I've mentioned this before, in reply to a previous post of yours:

For the record, at my previous job, I was the maintainer of the Apache and PHP subsystems in Nitix (, so I know some of the fun involved in hacking the interpreter itself or in solving the "riddles" left behind by the PHP developers:

As such, I am not at all surprised that ISPs are slow to upgrade to PHP 5, when upgrading from PHP 4.2.0 to 4.2.1 could break customer scripts and 4.2 to 4.3 could break some popular PHP packages. I wouldn't even want to think about going from 4.x to 5.x could do!

I hear about SQL injection issues, and I don't know, but my really old Perl CGI scripting (you know, back when it was Perl that was the language of the web?) used placeholders, so that the database client library would *always* properly quote values. And for the very rare cases where I really needed to build an SQL query with strings, it had a quoting function provided by the database client library, again, which would *always* work correctly. This was, what, in 1995, 1996? I thought progress was supposed to go forward...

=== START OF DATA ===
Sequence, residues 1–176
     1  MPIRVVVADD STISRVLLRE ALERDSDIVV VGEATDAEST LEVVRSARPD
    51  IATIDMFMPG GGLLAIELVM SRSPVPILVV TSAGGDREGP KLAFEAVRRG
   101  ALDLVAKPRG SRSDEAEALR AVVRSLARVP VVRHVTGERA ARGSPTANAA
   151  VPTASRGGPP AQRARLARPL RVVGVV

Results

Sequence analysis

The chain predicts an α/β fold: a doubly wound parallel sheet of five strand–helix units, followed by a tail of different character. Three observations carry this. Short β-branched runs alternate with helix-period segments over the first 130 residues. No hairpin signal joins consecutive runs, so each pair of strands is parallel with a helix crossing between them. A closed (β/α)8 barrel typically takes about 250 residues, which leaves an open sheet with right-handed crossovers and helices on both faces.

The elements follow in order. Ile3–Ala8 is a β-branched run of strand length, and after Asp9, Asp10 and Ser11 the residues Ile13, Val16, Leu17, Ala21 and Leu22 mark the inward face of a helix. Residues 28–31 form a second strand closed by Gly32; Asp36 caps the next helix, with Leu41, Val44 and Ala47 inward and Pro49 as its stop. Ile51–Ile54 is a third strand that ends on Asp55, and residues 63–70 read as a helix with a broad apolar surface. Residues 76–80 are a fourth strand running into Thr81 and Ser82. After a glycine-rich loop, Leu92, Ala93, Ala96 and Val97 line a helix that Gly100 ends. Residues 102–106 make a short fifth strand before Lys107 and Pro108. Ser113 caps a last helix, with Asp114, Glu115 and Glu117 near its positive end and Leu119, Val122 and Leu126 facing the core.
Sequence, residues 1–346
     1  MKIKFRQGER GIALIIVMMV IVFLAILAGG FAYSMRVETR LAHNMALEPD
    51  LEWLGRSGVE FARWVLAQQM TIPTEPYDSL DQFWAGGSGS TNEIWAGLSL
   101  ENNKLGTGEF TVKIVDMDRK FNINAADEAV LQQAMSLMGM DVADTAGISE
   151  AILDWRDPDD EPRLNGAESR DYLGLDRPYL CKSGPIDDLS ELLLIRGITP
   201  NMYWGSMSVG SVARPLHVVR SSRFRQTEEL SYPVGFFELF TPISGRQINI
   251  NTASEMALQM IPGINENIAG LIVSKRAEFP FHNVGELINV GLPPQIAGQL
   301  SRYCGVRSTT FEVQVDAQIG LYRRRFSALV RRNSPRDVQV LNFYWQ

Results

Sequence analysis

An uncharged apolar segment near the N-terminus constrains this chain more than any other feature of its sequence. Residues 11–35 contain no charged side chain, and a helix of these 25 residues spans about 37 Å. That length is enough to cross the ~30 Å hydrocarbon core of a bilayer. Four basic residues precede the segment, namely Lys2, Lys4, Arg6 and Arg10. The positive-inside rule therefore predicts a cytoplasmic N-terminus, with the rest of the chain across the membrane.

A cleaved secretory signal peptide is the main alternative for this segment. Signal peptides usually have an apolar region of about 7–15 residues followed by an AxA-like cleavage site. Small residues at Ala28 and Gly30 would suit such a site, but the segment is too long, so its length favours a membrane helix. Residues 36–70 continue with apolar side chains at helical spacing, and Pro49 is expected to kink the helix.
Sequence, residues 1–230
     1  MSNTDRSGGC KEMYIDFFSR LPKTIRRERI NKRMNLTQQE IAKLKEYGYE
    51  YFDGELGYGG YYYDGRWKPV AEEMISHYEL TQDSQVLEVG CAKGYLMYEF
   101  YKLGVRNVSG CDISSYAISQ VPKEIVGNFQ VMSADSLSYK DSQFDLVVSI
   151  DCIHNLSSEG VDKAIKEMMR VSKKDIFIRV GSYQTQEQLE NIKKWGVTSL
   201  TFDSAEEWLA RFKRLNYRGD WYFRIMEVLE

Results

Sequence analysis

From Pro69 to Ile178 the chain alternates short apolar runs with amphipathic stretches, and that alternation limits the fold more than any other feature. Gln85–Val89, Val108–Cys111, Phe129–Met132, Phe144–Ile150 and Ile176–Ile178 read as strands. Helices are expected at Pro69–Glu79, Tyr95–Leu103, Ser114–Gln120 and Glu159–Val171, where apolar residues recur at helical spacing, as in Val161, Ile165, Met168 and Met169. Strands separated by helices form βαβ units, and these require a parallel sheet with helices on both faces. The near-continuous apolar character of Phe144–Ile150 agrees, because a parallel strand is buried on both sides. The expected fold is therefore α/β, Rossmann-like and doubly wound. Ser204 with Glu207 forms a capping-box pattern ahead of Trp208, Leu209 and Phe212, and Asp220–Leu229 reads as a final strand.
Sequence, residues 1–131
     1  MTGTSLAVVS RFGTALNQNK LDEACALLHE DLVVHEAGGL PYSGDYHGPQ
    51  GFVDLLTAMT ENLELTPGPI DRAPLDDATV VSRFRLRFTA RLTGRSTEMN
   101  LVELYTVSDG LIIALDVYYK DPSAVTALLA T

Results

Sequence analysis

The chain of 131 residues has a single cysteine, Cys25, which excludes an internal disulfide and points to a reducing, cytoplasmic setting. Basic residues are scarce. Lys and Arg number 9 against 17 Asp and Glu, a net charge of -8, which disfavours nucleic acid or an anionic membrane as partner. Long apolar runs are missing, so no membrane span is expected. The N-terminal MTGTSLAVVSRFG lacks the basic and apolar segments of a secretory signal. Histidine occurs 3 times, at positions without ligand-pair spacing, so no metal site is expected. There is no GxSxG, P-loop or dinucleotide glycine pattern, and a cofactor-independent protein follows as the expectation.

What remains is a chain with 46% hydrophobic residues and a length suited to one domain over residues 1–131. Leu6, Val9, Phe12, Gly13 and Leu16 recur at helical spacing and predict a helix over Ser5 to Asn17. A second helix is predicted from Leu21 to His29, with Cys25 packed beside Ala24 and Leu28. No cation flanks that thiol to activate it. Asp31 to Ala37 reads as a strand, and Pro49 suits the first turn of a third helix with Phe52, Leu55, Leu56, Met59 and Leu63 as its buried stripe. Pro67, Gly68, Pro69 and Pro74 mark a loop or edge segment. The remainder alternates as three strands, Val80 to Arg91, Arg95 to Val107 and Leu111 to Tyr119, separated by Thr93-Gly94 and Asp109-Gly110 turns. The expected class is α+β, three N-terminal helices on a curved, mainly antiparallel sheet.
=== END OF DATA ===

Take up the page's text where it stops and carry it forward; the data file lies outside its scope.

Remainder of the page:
From: JD (Dec 21 2006, at 05:04)

PHP's mail function will happily accept $to = '\nSubject: Drugs\n\nGet your drugs here\n.\nTo:' and you'll get two emails being delivered. A sensible and secure implementation would check this and make sure this attack couldn't happen. Hardened PHP apparently does protect against this.


From: Aristotle Pagaltzis (Dec 21 2006, at 18:19)


I disagree. You simply *should* *not* *concatenate* *strings* for these tasks. Particularly not without checking their contents.

A good database API would make it trivially easy to use SQL queries with placeholders instead of leaving the job of quoting values and interpolating them into queries in your responsibility.

A good mailing API would accept structured data rather than opaque RFC822-message fragments, and would validate all parameters while constructing a message.